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Brinkworth Earl Danby’s CE Primary School

Brinkworth Earl Danby’s CE Primary School

Believe to Achieve! "Roots will grow down into God's love and keep us strong" EPH 3:17

Equality Information


Brinkworth Earl Danby’s CE Primary School is committed to ensuring that everyone is treated fairly and with respect as we want our school to be a safe and inspiring learning environment for all our pupils.  This school recognises that people have different needs and we understand that treating people equally does not always involve treating everyone the same. Brinkworth Earl Danby's Primary School creates inclusive processes and practices where the varying needs of individuals can be identified and met. 

This document explains how we show our commitment to equality for our school population and how we plan to tackle inequalities that may impact at school.

Celebrating our Successes

Our successes include:

  • reducing exclusion and the impact this has had on children from any specific group
  • increasing the involvement of girls/boys/under-represented groups in extracurricular activities/sport
  • increasing pupils’ knowledge and understanding of the different faiths and beliefs in Britain today, and supporting individual pupils in the development of their sense of identity and belonging. Helping children to recognise the commonalities we all share.

Sex (Gender) – Boys and Girls

The underachievement of boys compared with girls persists both nationally and in Wiltshire.  In Wiltshire, the attainment gap was marginally under 8 percentage points in 2019, with 68% of girls achieving the expected standard in all of reading, writing and mathematics compared to 60% of boys. 

In Wiltshire, the sex (girls/boys) attainment gap for the ‘major’ ethnic category All Black Pupils was larger at 10 percentage points with 62.7% of girls and 52.6% of boys achieving the expected standard in Reading, Writing and Maths. 

Two thirds of the gender gap in achieving the expected standard in Reading at age eleven is attributable to the fact that boys have lower levels of language and attention at age five. 

This school knows that intervention targeting early language and attention have potential for improving outcomes for all children. Boys benefit from such interventions because they are more likely to have these problems to begin with. 

Minority Ethnic Pupils

Many minority ethnic groups of pupils do well both in Wiltshire and nationally, but there are also groups where underachievement persists.  Underachievement for the groups highlighted in this report are a national as well as a Wiltshire concern and have been an ongoing issue since ethnic monitoring was introduced. 

Very small numbers of minority ethnic pupils in Brinkworth Earl Danby's Primary School mean that individual pupil-targeted approaches must be used to identify both underachievement, and to celebrate successes.  LA and national attainment data provides a valuable source of information to identify potential areas of concern.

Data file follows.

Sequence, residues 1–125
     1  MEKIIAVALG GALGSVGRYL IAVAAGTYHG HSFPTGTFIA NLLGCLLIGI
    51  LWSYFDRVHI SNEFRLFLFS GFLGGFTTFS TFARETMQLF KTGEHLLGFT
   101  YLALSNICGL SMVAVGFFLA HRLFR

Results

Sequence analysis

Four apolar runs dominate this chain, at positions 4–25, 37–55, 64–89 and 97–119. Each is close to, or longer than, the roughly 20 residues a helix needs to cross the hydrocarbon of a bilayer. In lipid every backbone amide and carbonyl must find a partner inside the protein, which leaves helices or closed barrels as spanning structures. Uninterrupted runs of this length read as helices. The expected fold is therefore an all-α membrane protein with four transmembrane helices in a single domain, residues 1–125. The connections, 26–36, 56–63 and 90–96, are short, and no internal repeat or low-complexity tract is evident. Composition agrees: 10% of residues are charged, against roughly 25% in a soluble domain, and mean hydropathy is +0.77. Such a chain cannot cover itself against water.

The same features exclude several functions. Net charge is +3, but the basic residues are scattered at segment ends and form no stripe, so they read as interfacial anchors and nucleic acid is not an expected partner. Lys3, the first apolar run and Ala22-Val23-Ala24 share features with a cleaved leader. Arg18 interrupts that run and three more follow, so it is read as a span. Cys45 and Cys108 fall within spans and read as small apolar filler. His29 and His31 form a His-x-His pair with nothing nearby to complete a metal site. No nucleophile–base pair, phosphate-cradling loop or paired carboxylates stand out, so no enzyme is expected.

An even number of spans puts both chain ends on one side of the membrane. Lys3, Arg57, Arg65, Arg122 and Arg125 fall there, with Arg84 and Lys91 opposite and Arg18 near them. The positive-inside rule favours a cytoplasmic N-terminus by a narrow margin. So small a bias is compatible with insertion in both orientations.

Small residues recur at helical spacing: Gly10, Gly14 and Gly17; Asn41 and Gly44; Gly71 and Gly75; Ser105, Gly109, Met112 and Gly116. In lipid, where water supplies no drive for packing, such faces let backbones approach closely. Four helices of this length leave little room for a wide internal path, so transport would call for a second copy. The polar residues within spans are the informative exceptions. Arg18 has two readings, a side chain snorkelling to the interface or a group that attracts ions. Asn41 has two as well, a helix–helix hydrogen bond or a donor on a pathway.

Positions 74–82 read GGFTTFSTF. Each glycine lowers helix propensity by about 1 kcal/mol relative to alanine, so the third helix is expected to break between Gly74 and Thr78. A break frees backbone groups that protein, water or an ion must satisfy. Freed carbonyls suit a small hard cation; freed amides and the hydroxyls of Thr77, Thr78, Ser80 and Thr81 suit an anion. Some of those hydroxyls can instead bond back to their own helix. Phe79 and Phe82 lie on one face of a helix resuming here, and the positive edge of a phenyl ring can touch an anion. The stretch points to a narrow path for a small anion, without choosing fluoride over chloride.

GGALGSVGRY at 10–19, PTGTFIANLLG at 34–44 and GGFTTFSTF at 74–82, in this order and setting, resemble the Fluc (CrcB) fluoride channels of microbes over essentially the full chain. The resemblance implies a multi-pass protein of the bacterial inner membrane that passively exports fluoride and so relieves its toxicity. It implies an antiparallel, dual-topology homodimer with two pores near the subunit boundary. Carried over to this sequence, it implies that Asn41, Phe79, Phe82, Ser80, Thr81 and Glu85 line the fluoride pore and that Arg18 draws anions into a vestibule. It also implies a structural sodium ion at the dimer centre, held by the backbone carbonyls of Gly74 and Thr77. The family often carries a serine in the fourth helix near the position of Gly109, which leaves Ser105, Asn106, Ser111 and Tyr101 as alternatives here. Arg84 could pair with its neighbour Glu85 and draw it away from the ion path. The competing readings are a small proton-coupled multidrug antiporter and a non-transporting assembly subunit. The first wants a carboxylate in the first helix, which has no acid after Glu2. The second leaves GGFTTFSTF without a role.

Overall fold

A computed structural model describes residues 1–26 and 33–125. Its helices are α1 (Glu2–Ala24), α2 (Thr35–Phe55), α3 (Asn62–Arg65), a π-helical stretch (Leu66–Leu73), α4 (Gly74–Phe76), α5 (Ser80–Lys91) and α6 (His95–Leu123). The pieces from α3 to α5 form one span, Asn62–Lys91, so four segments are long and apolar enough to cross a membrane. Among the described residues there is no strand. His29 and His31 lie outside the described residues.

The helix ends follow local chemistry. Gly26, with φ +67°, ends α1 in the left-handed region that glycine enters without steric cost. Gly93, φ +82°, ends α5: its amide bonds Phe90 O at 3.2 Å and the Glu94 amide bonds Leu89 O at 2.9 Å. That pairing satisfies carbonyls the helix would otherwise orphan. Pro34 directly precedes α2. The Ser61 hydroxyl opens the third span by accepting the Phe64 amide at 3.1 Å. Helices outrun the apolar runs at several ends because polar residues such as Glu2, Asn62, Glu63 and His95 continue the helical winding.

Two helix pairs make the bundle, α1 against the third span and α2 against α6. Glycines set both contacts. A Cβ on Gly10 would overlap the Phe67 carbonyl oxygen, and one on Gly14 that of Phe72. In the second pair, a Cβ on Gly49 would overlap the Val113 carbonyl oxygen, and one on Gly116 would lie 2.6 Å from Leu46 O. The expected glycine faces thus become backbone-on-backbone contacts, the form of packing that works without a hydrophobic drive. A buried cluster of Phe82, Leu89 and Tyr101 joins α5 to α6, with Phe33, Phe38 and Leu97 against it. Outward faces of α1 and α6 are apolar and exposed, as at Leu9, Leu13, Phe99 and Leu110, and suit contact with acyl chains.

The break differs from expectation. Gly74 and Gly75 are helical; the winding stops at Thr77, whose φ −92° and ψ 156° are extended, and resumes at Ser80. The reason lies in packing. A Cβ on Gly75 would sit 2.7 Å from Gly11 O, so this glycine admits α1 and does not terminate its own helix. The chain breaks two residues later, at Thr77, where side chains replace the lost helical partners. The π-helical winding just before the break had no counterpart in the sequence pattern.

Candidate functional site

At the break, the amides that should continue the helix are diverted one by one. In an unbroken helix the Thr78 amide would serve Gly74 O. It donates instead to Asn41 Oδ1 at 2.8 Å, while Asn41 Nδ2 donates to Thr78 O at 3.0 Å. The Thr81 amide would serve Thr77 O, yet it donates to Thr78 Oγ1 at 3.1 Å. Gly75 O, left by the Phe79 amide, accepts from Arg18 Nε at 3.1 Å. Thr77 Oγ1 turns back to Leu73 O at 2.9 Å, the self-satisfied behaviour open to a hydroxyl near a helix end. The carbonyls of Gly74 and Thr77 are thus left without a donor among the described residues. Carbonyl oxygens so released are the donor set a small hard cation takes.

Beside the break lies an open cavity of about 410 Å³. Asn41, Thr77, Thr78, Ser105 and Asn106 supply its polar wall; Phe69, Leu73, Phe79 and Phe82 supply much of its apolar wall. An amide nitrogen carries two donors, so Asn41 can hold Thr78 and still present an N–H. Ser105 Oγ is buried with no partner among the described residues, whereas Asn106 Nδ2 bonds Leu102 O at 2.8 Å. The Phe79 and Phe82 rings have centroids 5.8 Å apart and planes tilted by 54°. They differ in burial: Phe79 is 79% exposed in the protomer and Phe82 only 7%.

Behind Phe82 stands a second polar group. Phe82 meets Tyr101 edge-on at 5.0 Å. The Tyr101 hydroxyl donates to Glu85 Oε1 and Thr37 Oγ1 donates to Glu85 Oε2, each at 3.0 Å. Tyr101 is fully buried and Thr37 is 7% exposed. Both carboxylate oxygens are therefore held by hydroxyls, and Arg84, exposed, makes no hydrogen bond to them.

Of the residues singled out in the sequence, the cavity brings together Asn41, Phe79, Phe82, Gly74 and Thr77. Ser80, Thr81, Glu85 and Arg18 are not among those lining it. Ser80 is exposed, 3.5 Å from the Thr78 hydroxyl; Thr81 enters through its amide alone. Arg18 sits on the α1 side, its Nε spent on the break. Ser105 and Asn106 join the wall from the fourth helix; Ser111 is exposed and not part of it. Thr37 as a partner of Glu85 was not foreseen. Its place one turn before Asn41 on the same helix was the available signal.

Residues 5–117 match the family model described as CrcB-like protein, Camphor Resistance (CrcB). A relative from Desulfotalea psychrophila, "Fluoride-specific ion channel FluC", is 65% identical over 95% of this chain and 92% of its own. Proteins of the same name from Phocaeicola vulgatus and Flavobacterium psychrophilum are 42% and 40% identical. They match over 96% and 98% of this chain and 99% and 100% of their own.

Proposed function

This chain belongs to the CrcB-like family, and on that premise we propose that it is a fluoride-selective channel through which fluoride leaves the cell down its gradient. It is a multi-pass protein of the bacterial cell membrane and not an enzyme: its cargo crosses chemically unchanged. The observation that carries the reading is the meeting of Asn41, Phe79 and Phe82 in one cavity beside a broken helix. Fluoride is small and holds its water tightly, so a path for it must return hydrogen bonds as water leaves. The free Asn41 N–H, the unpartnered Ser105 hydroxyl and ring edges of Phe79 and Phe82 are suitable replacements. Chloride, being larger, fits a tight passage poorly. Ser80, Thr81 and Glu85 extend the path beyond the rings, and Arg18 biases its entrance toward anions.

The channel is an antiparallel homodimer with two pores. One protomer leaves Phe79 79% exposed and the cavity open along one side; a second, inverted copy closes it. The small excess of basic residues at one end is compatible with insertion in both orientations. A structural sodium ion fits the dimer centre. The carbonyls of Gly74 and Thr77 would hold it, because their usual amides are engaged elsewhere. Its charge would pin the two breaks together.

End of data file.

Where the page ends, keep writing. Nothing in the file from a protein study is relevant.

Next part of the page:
All Black Pupils Major Ethnic Monitoring Category

LA data has highlighted concerns about the attainment of the All Black Pupils major ethnic monitoring category and for the Black Caribbean minor ethnic monitoring category.

Wiltshire Key Stage 2 data for 2019 showed attainment was lower for pupils in the All Black Pupil major ethnic monitoring category compared with the White British pupils minor ethnic monitoring category.  Fewer boys (8 percentage points lower) in the All Black Pupil category achieved the expected standard in Reading, Writing and Maths compared with boys in the White British ethnic category.  Attainment for Black Caribbean pupils was 14 percentage points lower than the attainment of White British pupils. 

A lower proportion of Wiltshire pupils in the All Black Pupil major ethnic monitoring category achieved a Higher Standard in the Reading, Writing and Maths assessments compared with White British pupils.  Pupils in the All Black Pupil were 3.7 less likely to have achieved the Higher Standard compared to White British Pupils. 

When and as appropriate Brinkworth Earl Danby's Primary School works closely with the LA to implement proven strategies to raise attainment of pupils from minority ethnic groups during the primary school years.  

Our curriculum, teaching, policies and practices are regularly reviewed and updated.  The Black Lives Matter movement has provided a new impetus to this important work.  This school is able to receive regular guidance and information from the LA as well as sharing best practice with other Wiltshire schools. 

Equality Objective: Black Lives Matter

This school will develop a separate action plan to tackle long standing inequalities highlighted by the recent Black Lives Matter movement. 

Gypsy/Roma/Traveller Pupils

Gypsy/Roma and Irish Traveller pupils are the lowest achieving ethnic groups. 

In Wiltshire, just under 18% of Gypsy/Roma pupils achieved the expected standard.  While the overwhelming majority of Wiltshire Gypsy/Roma/Traveller pupils choose to attend primary school until the end of Year 6, it remains a concern that a majority of Wiltshire Gypsy and Traveller families choose to home educate their children during the secondary school years.

A House of Commons Briefing Paper (September 2017) reported that education issues for Gypsies and Travellers include prejudice, discrimination and discriminatory attitudes.  The issues also include the schools’ responses to discrimination, and high levels of self-exclusion from mainstream education because of discrimination.